Riding the Polar Express

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I had an event to attend last night in Mount Kisco, so I took at 6:59 Harlem Line train from Grand Central after work.

 


Now I know how the other half lives.

The train was almost spotless, the seats big and contoured and comfy. The middle seat actually fit the dimensions of an average adult. No pew style here with the sticky floor.

The a/c was working. The lights stayed on the entire trip. And it was eerily quiet. No conductors on the loud speakers yelling to each other;  the trip from Larchmont many mornings feels like communal  eavesdropping.

I never once had to stand up clutching my computer, jacket, blackberry and purse  to let someone “slip” into the middle seat.

And we sat. Really sat. No one had to stand. It was all very civilized. A sort of Eurail by way of Hawthorne.

The New Haven trains do have a certain communality about them.  I have read many an article, with one eye, in the magazine in the lap next to me.  I have overheard a conversation about what a house sold for, down to the decimal point. About extra-marital dalliances, about someone about to be fired. We’ve all heard the stock broker screaming into the cell-phone. Or the ACDC ringtones. None of that on the way to Mount Kisco.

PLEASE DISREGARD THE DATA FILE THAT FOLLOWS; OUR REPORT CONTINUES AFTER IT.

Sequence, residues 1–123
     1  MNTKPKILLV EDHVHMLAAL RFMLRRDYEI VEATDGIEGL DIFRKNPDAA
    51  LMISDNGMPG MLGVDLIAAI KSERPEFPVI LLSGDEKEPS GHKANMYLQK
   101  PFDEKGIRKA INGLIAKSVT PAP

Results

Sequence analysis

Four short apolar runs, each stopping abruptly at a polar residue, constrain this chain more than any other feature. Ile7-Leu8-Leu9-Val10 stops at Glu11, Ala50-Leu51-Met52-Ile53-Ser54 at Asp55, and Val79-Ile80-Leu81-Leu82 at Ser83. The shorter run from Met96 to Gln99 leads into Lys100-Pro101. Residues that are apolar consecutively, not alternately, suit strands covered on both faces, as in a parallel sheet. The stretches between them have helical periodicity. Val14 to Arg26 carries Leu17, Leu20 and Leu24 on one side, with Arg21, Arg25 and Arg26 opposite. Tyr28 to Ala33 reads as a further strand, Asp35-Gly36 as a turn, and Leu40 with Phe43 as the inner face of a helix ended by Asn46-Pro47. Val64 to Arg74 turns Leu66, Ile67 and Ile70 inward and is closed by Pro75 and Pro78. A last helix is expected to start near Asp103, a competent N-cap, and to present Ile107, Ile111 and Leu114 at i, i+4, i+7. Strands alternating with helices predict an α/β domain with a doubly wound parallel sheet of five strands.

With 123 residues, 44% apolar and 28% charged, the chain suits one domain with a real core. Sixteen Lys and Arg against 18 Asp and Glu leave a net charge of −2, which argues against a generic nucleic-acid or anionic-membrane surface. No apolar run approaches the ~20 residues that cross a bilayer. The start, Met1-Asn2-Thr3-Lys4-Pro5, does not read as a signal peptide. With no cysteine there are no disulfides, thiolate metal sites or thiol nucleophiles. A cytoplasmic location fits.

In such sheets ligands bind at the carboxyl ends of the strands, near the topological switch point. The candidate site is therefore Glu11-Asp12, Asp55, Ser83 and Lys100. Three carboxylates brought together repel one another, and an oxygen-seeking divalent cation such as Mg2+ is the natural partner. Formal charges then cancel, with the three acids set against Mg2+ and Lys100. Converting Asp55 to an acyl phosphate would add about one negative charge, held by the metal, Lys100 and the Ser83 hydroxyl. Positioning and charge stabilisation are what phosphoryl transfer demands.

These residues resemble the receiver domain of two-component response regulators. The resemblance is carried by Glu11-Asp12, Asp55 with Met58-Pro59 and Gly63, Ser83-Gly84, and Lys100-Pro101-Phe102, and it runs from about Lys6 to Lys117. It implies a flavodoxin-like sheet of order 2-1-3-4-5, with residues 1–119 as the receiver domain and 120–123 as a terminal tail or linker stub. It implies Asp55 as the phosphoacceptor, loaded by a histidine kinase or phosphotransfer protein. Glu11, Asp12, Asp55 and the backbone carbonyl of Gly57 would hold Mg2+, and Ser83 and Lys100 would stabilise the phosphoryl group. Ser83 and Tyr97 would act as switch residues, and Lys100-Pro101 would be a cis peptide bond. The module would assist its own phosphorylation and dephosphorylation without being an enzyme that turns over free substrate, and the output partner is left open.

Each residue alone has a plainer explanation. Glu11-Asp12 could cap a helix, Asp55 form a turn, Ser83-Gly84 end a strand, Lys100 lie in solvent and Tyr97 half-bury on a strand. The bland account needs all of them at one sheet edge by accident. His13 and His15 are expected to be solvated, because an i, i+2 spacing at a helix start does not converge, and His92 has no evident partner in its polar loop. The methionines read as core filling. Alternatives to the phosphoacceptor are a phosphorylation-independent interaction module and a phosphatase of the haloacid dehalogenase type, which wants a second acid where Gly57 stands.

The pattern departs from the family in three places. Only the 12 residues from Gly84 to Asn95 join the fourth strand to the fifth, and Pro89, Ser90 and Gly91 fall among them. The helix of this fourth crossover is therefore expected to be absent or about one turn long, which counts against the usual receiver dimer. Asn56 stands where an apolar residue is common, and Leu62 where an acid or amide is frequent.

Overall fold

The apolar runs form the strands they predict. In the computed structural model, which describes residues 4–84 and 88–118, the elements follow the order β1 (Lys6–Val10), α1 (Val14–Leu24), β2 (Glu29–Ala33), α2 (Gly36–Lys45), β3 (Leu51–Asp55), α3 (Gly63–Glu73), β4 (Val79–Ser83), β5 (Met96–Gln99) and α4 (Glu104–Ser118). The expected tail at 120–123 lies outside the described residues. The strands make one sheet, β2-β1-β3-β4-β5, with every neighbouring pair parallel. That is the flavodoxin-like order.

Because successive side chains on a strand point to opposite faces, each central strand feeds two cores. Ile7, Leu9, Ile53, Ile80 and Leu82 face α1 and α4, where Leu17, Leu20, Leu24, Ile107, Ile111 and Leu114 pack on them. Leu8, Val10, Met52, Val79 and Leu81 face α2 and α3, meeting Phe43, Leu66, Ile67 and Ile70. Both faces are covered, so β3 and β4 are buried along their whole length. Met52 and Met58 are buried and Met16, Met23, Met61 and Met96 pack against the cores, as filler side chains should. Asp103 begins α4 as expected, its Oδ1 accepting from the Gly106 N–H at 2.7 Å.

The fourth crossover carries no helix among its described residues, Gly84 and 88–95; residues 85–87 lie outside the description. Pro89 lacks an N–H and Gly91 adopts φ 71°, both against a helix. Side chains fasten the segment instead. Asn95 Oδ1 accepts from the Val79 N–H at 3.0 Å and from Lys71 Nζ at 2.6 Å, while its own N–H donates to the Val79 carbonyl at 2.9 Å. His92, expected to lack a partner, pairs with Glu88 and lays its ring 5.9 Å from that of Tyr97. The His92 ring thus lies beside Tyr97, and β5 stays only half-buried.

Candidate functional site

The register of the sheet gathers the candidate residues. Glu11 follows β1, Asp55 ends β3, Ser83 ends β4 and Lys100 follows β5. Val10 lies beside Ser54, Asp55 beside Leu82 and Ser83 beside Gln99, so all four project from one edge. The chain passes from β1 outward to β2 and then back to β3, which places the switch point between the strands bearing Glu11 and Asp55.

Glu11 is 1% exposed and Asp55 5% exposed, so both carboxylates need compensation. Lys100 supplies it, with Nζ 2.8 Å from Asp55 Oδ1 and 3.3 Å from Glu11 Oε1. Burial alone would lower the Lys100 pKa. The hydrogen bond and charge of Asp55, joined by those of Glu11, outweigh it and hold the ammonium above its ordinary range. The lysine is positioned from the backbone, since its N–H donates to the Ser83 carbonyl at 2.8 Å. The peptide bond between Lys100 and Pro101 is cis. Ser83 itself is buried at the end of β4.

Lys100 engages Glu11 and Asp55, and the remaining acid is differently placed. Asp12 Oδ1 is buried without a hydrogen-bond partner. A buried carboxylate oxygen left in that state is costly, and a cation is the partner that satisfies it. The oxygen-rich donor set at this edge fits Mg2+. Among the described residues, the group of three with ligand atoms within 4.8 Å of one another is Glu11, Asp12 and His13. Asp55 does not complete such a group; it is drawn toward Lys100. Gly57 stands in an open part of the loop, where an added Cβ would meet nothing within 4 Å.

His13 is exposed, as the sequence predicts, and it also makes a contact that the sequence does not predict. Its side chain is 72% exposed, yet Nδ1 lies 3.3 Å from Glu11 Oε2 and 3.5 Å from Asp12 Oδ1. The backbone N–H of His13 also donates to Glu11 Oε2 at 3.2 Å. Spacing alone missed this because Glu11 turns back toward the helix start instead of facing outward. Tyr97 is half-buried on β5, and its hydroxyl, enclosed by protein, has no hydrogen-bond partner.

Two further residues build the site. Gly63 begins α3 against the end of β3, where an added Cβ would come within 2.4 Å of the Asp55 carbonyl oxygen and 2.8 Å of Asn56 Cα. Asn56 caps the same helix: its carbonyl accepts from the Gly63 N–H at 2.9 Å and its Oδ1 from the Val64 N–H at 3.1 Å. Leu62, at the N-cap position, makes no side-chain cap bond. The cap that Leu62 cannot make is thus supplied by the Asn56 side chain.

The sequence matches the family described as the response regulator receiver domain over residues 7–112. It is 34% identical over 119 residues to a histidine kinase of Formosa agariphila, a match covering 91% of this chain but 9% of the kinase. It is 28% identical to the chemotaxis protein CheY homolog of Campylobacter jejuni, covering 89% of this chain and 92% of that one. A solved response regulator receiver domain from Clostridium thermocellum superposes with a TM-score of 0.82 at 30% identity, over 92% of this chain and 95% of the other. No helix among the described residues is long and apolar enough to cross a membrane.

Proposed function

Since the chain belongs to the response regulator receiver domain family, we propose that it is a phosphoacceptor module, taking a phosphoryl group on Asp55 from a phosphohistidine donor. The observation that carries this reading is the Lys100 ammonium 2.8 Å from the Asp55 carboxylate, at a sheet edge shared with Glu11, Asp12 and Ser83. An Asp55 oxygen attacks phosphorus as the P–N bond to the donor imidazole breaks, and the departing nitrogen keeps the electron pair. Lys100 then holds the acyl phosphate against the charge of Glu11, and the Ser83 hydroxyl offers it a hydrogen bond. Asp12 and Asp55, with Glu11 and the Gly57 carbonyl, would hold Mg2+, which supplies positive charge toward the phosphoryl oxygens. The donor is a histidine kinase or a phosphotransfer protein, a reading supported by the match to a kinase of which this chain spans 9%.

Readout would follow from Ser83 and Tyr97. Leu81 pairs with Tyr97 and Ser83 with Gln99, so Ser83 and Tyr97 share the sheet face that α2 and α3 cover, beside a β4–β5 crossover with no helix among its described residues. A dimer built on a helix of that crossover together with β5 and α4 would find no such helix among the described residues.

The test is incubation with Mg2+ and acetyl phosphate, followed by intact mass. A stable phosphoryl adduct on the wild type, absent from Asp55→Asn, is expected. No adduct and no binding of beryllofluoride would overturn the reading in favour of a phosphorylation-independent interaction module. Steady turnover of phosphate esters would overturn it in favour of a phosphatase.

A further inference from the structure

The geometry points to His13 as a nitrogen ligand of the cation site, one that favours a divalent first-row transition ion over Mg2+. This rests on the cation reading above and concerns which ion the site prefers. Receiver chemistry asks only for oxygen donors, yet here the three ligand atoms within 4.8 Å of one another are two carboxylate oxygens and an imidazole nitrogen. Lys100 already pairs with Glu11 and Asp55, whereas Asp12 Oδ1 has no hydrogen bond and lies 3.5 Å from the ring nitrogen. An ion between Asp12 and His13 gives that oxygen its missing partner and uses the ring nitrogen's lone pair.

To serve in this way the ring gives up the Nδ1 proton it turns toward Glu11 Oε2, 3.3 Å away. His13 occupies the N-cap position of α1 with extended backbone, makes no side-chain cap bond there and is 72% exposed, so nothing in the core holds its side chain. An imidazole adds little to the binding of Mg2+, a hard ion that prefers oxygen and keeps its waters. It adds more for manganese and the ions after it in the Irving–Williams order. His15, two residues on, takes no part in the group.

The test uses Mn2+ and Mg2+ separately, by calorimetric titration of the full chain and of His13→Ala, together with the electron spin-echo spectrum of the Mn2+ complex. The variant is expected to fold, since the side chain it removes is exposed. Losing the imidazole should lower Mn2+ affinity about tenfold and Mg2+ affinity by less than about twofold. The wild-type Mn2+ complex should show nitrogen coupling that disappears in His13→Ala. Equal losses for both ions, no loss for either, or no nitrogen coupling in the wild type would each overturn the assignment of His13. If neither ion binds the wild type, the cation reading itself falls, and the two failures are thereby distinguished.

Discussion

Soon, however, all this civility turned eerie.  Since none of the station stops were announced, I, not entirely familiar with the cooler tundra of Northern Westchester, spent some time peering through the window at the dark looking for signs of life. And by the time I got to my stop (the trip took an hour),  I was the only one in the car. Really? At 7:30 pm?

There seem to be some advantages to what I now think of as the Polar Express, but it’s chillier in more ways than one.

 

 

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